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How China’s Big Data and Mobile Innovation Powers a Global Business Engine

Every time you visit countries like China and India you get a fresh appreciation of what Tom Friedman meant when he said The World is Flat, and why it’s so true!  I recently had the privilege of visiting one of my favorite fast growth regions – China – as a keynote speaker at the big mobile event, GMIC (Global Mobile Internet Conference) that runs in two locations: Silicon Valley and Beijing.  While the one in the Silicon Valley is closer to home and familiar to many of you, the one in Beijing is even bigger, and an eye opener for me.  One of the most influential industry conferences in Asia, GMIC is where entrepreneurs, developers, investors and executives from around the globe meet to better understand mobile technology trends and build the business of the future.  Over 10,000 people were registered for the conference and probably another 100,000 were watching the webcasts to learn about the most relevant technology topics today: mobility and the world of big data.  What I find particularly interesting is when those two mega trends converge. 

/wp-content/uploads/2013/05/china_223243.jpgOver the course of the last 30 years, enterprise resource planning (ERP) solutions were used to automate the “resources” of the industrial economy giving rise to software giants like SAP.  Over the next decade, the focus will be on managing the “resources” of the information economy which include big data, called the “new oil” by some, and the capability to analyze it for predictive purposes with specialized analytics solutions.  These resources and their management tools will be delivered on mobile devices and consumed as social experiences, most often in cloud computing environments.  In the big data day and age, memory is the new disk, and flash is the new tape.  In analytics, real-time is the new right-time, predictive is the new report format.

New innovations in the hardware and software economy make this an exciting time for all economies across the world, but especially in fast growth regions with large populations born into a mobile world. For example, a global survey of IT decision makers recently revealed that China is one of the four countries most ready to leverage Machine-to-Machine (M2M) technology to transform business and society. Reading such survey results is one thing; seeing how companies in China are actually doing it is something else. According to the survey, more than anywhere else in the world, senior level IT decision makers in China strongly support the use of M2M technology. Not only that, but China occupies a unique position when it comes to BYOD because the majority of Chinese businesses have already embraced this key trend.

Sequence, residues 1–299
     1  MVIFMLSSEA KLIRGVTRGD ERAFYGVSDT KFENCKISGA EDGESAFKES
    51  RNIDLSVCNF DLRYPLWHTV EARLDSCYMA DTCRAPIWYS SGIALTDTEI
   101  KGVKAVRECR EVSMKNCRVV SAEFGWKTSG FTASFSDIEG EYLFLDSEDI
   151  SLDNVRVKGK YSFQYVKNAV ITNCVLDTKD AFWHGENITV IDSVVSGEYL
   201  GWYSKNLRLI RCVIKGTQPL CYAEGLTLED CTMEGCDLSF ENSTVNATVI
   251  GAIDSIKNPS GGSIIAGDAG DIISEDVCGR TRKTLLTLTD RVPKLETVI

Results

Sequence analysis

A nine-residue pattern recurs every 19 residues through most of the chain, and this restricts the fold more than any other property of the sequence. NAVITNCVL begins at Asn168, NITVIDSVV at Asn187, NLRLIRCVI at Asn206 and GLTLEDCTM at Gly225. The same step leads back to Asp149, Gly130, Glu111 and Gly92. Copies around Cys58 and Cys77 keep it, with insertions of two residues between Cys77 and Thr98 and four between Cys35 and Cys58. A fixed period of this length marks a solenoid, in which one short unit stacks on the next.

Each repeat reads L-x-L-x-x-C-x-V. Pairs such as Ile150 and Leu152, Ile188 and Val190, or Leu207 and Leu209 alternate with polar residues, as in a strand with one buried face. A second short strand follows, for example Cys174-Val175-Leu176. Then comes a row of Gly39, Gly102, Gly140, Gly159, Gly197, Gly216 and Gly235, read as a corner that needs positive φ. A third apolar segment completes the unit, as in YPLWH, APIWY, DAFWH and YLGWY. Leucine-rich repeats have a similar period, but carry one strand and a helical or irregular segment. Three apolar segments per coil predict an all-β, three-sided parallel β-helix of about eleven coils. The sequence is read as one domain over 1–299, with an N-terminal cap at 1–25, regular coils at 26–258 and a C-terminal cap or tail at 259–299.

I received first hand validation of how technology is transforming many parts of the Chinese economy in meetings with our customers.  One such customer was the CIO of one of China’s leading ICT solution providers.  This company’s products and solutions are deployed in over 140 countries, serving one third of the world’s population, about 2.3 billion people.  Their vision is to enrich life and improve efficiency for all those people by providing ubiquitous broadband for consumers, cloud based data storage for customers and BYOD solutions for employees.  With an ambitious agenda like that, this company needs a fail safe mobility portfolio especially in the security and app protection area.  They’re looking to us to provide that security and help them develop a BYOD strategy that aligns to their vision of bridging the digital divide with green solutions.  Together we can enable people to reduce power consumption, carbon emissions and costs which can add up to a lot when you’re looking at the number of people touched by this organization!  This kind of visionary approach to BYOD, for example, is what puts China in a position of global leadership as far as establishing innovative IT practices as standard operating procedure.

Speaking of power consumption and carbon emissions, our message about Big Data also resonates well with customers in China especially in industries struggling to get better insight into massive data volumes.  Our solutions are helping them span bridges from the industrial economy to the information economy.  A good example is one of China’s key utilities companies.  Their goal is to help build a ‘moderately prosperous society’ in China following a three-color corporate mission: red to serve society, green to serve technology and environment, and blue for innovation and international presence.  SAP Suite on HANA, for example, can help them better understand energy consumption patterns to drive greater energy efficiency.

I’m excited about the fast pace of technology innovation in countries like China from the business perspective, but I’m even more impressed when I think about the impact on society.  More than any generation before them, young people today can apply technology to help make the world better than before.  So if you are a millennial living in North America or Europe, probably the best thing you can do is spend 5 years of your life living in one of the fast growing economies, like China, India or Brazil – it will be a life-changing experience!

Sanjay Poonen is President and Corporate Officer, Technology Solutions and Mobile Division at SAP, and can be reached @spoonen on Twitter.

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      Author's profile photo Derek Klobucher
      Derek Klobucher

      Your attendance at GMIC seems to have been time very well spent, Sanjay! What do you think it is about Chinese, Indian and Brazilian societies that makes them so receptive to the types of innovation you discuss here?